Igcc What It Is, And Why Igcc Is The Best Way To Burn Solid Fuels For Energy-ricky lee neely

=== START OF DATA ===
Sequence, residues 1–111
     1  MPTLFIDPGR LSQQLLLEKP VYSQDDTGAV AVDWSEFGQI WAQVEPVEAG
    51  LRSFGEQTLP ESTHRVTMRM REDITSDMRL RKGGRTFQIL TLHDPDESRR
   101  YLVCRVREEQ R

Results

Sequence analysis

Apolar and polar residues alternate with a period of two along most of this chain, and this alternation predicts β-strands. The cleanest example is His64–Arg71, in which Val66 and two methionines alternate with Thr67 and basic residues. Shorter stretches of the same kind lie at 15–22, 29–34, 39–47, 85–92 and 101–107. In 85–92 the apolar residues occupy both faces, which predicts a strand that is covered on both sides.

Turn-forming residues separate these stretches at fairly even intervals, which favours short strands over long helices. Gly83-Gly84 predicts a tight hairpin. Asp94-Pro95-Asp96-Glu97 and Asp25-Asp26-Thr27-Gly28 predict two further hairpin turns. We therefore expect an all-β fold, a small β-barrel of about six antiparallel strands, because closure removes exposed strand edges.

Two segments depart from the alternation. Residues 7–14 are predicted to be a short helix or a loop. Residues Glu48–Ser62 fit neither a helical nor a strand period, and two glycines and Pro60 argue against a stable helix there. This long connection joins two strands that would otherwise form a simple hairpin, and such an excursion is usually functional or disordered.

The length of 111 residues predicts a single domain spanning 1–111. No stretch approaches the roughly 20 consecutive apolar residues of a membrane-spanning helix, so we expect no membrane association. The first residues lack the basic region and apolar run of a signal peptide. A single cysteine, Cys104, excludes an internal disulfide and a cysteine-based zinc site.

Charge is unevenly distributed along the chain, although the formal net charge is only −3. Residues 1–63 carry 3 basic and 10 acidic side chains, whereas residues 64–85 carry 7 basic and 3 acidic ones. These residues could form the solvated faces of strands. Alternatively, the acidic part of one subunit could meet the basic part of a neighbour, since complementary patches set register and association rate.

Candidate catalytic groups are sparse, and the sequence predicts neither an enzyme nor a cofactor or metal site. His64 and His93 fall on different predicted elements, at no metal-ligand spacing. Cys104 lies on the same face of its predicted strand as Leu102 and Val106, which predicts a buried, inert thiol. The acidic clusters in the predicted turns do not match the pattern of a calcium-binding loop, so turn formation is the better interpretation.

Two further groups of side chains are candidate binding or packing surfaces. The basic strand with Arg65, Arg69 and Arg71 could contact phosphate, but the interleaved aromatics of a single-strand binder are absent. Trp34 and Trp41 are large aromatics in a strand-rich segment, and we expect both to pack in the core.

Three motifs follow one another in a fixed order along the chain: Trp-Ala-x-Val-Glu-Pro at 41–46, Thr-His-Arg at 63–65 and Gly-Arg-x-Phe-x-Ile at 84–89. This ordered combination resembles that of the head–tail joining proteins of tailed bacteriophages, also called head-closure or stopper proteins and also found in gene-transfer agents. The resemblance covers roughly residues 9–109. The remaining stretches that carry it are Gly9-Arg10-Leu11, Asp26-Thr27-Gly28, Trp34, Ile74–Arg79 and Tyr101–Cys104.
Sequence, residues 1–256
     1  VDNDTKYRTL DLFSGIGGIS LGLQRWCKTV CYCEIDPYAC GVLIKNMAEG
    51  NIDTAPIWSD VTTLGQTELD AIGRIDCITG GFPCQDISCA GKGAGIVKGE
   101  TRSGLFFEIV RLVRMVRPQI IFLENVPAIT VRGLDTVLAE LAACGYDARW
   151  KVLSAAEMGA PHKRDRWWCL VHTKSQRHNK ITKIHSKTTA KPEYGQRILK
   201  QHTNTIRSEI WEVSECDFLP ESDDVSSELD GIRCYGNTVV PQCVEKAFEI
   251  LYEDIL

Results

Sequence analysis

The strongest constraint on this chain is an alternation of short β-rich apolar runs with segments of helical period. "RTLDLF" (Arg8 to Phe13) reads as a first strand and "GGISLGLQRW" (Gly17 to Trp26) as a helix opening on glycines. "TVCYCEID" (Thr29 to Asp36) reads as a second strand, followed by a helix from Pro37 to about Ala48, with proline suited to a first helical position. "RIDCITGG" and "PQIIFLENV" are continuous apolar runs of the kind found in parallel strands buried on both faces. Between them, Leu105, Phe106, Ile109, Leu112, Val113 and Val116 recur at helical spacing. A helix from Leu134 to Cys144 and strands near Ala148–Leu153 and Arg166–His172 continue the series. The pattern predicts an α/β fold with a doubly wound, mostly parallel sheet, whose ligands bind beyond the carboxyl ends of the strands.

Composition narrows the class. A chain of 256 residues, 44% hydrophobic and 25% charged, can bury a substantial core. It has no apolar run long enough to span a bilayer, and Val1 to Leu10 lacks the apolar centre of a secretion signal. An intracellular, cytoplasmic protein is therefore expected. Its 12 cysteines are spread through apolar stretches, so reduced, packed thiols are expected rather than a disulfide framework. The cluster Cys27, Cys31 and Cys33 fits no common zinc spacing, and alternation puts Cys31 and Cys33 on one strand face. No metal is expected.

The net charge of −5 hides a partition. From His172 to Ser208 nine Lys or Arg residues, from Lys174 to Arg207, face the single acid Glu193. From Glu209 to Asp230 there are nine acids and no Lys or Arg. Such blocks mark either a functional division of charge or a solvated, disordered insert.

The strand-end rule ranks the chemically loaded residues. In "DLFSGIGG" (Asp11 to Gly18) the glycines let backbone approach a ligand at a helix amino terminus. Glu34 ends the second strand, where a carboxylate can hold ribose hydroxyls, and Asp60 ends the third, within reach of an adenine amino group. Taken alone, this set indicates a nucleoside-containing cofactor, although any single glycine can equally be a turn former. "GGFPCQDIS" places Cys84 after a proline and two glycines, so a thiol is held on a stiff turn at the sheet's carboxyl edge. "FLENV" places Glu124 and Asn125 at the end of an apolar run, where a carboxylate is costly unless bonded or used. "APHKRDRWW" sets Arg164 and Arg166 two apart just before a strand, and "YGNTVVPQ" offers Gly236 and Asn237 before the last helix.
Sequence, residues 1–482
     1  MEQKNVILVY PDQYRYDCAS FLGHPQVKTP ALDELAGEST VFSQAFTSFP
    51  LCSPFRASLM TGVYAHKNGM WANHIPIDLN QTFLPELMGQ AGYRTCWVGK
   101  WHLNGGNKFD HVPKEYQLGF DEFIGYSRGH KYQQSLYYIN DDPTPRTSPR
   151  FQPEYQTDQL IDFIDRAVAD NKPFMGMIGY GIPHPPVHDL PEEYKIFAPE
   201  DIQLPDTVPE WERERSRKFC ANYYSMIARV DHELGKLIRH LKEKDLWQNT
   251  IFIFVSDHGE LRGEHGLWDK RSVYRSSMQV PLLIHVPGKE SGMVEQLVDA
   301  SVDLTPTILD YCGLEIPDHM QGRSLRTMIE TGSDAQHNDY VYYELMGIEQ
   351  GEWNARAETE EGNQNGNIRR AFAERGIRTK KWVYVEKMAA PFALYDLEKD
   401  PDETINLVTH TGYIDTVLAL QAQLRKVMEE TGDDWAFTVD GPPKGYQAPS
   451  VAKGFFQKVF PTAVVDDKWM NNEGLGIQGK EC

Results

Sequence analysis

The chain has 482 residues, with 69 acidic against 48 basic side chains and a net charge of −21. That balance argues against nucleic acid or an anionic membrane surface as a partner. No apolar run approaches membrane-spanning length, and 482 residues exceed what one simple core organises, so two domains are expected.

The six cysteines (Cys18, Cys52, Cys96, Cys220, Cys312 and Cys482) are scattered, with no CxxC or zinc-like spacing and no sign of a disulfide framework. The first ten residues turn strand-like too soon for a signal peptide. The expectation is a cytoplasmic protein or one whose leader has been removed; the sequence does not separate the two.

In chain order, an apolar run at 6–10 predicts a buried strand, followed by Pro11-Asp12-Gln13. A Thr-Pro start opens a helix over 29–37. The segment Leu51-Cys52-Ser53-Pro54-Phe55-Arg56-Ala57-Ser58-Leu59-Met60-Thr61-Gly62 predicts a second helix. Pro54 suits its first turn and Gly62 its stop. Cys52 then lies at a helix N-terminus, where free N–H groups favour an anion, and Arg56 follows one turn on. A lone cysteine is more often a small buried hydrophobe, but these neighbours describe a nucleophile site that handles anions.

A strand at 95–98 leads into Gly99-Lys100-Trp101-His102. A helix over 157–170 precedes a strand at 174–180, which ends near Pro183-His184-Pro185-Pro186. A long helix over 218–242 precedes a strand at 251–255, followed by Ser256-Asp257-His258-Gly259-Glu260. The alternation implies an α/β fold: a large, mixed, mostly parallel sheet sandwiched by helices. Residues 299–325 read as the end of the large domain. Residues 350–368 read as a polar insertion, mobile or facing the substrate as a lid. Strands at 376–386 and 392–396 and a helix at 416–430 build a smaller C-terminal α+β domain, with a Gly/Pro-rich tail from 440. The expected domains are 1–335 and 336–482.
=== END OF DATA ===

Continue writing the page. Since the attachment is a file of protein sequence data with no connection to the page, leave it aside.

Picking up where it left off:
Reference-and-Education IGCC is the combination of gasification with a combined-cycle turbine system to generate electricity. Don’t let the complexity of the technological terms put you off reading this! Unfortunately, this technology is not easy for the ordinary public to understand, but that does not mean that it should be ignored or dismissed, in fact it is all the more important to persevere until you do understand. It is important that as many people as possible appreciate how this could help a world desperately in need of low cost energy produced in the most environmentally responsible way. The typical Integrated Gasification Combined Cycle power plant consists of four major operating components: 1. an air separation unit (ASU) to provide pure oxygen; 2. a gasification plant where heat is generated; 3. a gas clean-up system; 4. and a combined-cycle power plant (which by combined cycle simply means that the energy from both the high pressure gas produced by gasification, and the the steam from gas combustion has passed through the turbine). The gasification process takes place at extremely high pressure and temperature which very effectively almost totally destroys all of the residual toxic and polluting chemicals which traditional coal fired power station combustion leaves behind. IGCC is the cleanest technology available so far for the conversion of solid fuel into electricity. The emissions expected and achieved from these plants when compared to standard coal plants (and that includes even the newest proposed throughout the world today) are far lower. Another great feature of IGCC is that it is the only thermal power option, excluding new nuclear plants, that effectively mitigates fuel price volatility while addressing current and future environmental concerns. An IGCC projects fuel cost hedging capability stems from its ability to gasify any combination of natural gas, coal, and waste-products such as petroleum coke. As we have already indicated, but wish to stress is that the power is generated from both the gas and steam turbines, resulting within this combined cycle, a much higher efficiency. This is even after the loading placed upon the turbine as it simultaneously compresses the feed reactants, as it turns. That IGCC using coal for power generation is currently the cleanest coal technology available is being demonstrated to the US House of Representatives, committee on Energy and Commerce, Subcommittee on Energy and Air Quality in an programme commenced in 2003, at four plants that are currently operating. Perhaps the principal obstacle to the development of IGCC projects is their capital cost compared to conventional steam/electric options. The capital cost of a new IGCC facility is around 20 to 30% higher than the cost of a new conventional pulverized-coal-fired plant. Implementing IGCC is a long term strategy for hedging against oil price rises. As the oil and gas prices rise the argument for IGCC just keeps getting stronger. Until now, although many in the US have recommended that an accelerated shift toward coal use by gasification would put a long-term ceiling on the price of oil a stronger lobby has pointed out that the United States would benefit more financially from simply scaling up extraction of offshore oil and natural gas. For the present, especially in the US, coal-fired plants are still competitive while IGCC technology is being implemented in a few plants, and is getting its chance to prove commercial viability. But, the final benefit from IGCC of easy and simple carbon capture within the process when you gasify like this, is likely to be the winning feature ultimately driving this new technology forward into mainstream generating capacity. Carbon separation and long term capture, before its emission (as Carbon Dioxide) to the atmosphere from the flue gases is also called carbon sequestration in the US. Carbon sequestration has yet to be proven but could become a large factor in reducing climate change from carbon emissions. The idea is that you produce carbon dioxide, but don’t emit it to the atmosphere. By not emitting it, all worry about climate change would be arrested in its tracks! There are two types of sinks which could be used and are highly unlikely to be needed for any other use. These are deep un-mineable coal seems and deep saline aquifers. Carbon capture is under way at several sites in Europe and the United States. Sequestration tests need to find out if the CO2 stays put and won’t leak up into drinking aquifers or out into the atmosphere. The proof of the technology to capture and sequester the carbon dioxide and other pollutants is still five to 10 years off, at best. Also, there are no legal mandates yet requiring that new coal plants be made compatible with carbon sequestration technologies when they become ready for deployment. Nevertheless, coal burnt by conventional combustion is in serious trouble. Coal-fired power plants are the leading source of mercury in air in many US states. Even looking nationwide, these plants are responsible for over 40% of the mercury that enters the air each year. The widespread adoption of IGCC would immediately remedy this problem. IGCC is a clean coal technology that combines two technologies, coal gasification and combined cycle, with the low cost associated with coal. Coal IGCC works, GEC has proven it, and arguably so have a handful of EU funded working scale pilot plant demonstration projects. It is known technology and can be built today. There are no real technical barriers, and compatibility with any sequestration requirements in the future is excellent. About the Author: 相关的主题文章: